After a 1-5-1 start against opponents like Virginia, William and Mary and Georgetown, Mount St. Mary's men's soccer coach Mark Mettrick could have panicked with five freshmen in his starting lineup. And he almost did.
"I didn't know if that would work in our favor or against us," Mettrick said, looking back to the stretch that preceded a 10-game unbeaten streak. "I'm not going to claim responsibility, this is just what's happened."
Apparently, the hard knocks toughened the Mount (10-5-2) for Northeast Conference play, which it has dominated, although its nine-game winning streak ended Wednesday with a 0-0 tie against St. Francis (Pa.)
Still, the team enters Sunday unbeaten in the NEC, in the same position as UMBC, its nationally ranked opponent and host in a 2: 30 p.m. game that will probably determine the league champion.
To grab the top seed in the conference tournament, which starts next Friday, UMBC must beat, not tie, the Mount. Though both teams enter with 8-0-1 records in the NEC, Mount St. Mary's would win out by virtue of its victories over the best other team, third-place Fairleigh Dickinson, a team the Retrievers tied.
There's the possibility that both teams will meet in the final of the NEC tournament (at UMBC).While the Mountaineers haven't much to lose in Sunday's game, UMBC does have a 16-game unbeaten streak to consider.
"I expect us to play our best," UMBC coach Pete Caringi said. "We're well aware that the tournament's next weekend. But I expect our team to play well and try to keep this thing going."
"I imagine they'll want to finish the season off, because it [going undefeated] is something that very few teams do," Mettrick said. "[Caringi] is like the Don Shula of college soccer. The regular season is nice, but it's not the jewel in the crown. It's not a must win for us."
Mettrick, in his sixth season in Emmitsburg, calls his charges "the lads," as if he's leading a Boy Scout troop rather than a college soccer team. He started off with 10 freshmen who struggled, their backfield allowing opponents to get behind them, their forwards universally futile in their efforts to generate any offense.
The team suffered shutouts from Georgetown and Virginia, and Towson and St. Peter's victimized them as well.
"Some of that had to do with the people we were playing," Mettrick said. "When we were 1-5-1, there was some concern. The guys were questioning if we were going to have a bad season."
Then, the elixir for all floundering seasons arrived -- conference play in the NEC. Mettrick himself admitted the downgrade from what the Mount had been facing.
Two close road wins at Sacred Heart and Fairleigh Dickinson started the streak. Mettrick said those games put the team on track.
"If we'd gone down there, that would have been devastating," Mettrick said.
The Mount has succeeded by allowing only three goals during the streak, thanks to defenders Niall Lepper, Danny Dawson and Reid Shaklee (Severna Park), and goalkeeper Rob Ray (Dundalk).
Unfortunately, Mount St. Mary's has problems scoring, as demonstrated against St. Francis (Pa.). Out of 17 games this season, there have been only six in which the Mountaineers produced more than one goal and the team has been shut out five times.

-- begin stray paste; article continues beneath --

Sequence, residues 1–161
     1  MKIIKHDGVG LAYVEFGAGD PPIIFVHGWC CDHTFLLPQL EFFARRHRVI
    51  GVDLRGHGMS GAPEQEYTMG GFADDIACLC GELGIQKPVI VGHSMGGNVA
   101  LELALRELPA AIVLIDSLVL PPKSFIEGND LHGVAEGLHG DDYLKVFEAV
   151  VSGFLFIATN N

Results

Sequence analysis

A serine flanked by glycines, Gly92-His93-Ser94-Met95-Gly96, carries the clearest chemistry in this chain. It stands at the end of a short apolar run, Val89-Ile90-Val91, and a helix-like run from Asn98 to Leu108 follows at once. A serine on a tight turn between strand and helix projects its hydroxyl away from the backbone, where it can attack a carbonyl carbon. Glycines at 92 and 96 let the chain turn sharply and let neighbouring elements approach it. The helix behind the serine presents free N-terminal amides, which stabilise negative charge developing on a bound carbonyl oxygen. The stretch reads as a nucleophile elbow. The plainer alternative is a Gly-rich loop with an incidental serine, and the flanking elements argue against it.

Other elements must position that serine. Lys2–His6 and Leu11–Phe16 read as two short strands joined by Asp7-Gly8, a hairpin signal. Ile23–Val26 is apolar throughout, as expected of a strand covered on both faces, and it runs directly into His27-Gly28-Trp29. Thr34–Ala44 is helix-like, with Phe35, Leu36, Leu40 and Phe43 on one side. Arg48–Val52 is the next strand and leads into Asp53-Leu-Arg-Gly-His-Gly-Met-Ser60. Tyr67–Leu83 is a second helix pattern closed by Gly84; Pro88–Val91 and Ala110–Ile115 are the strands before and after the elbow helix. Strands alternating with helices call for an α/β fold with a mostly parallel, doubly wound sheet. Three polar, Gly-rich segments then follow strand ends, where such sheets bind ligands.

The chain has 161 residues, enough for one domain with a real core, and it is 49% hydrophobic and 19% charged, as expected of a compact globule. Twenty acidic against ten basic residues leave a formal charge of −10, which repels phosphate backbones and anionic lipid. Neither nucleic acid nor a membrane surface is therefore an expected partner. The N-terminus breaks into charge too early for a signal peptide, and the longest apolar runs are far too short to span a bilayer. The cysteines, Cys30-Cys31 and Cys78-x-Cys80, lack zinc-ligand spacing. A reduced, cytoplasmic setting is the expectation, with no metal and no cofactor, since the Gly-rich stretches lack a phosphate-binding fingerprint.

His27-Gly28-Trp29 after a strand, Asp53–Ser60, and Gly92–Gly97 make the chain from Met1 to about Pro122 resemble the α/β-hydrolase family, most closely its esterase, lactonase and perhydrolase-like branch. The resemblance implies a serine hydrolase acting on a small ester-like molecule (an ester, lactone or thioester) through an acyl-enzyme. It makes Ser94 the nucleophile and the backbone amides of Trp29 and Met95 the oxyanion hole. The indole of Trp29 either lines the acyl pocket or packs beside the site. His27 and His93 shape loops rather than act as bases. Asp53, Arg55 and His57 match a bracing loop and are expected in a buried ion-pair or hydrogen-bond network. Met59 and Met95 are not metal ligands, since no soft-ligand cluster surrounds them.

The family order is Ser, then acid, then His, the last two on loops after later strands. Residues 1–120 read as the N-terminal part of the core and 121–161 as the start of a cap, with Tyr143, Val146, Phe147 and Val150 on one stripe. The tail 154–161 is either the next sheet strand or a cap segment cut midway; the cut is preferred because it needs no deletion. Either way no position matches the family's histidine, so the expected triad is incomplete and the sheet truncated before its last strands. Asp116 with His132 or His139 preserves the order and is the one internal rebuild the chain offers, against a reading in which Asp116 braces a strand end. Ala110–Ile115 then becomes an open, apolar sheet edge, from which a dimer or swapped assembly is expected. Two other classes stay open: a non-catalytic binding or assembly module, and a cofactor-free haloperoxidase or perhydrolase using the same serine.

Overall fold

Even during the streak, seven games have been decided by one goal. Mount St. Mary's might feel apower outage against No. 20 UMBC, which has added solid defense to its traditional scoring ability.
Towson still contending
A football team making the playoffs in Division I-AA while losing to both Columbia and Morgan State borders on the fantastic, but that's the opportunity that Towson holds going into tomorrow's 12: 30 p.m. game against Lehigh in Bethlehem, Pa.
Though the early-season losses had an eye-blurring effect, the Tigers are 4-0 in the Patriot League, which awards an automatic NCAA playoff berth to its winner. Some are billing this game, against the No. 8 I-AA team, as the biggest in Towson football history.
The odds? Longer than a walk to Alaska. Last year, Lehigh nearly beat the eventual national champion (Massachusetts) in the playoffs and has looked better against the two teams' common opponents this season.
Still, the position is better than Towson has been in recently.
"The preparation has been very exciting; it's been rewarding to everyone around the football team," Towson coach Gordy Combs said. "It's the ninth game, and we're playing for first place when I don't think anyone expected us to be here. We were picked for last or next-to-last."
It was last. And while the elite of the conference -- Lehigh and Colgate -- are still to come, the Tigers have beaten everyone else in league play, teams all picked ahead of them.
Combs gambled that his team could survive last week's Fordham game without Jason Corle on offense and Ricky Crestwell on defense, and won, with Ed Kulic's 24-yard field goal aiding the escape. Both will be back tomorrow.
The one-week sabbatical came at the expense of Corle's seven-game touchdown reception streak. Two years ago, Combs said the layoff would have rankled his back. Not now.
"He and I talked about how it would be the best thing, and if we could get by, maybe he'll be stronger for Lehigh," Combs said. "It goes with his growth. He's never played on a winning team. I just think he wants to win."
Pub Date: 10/29/99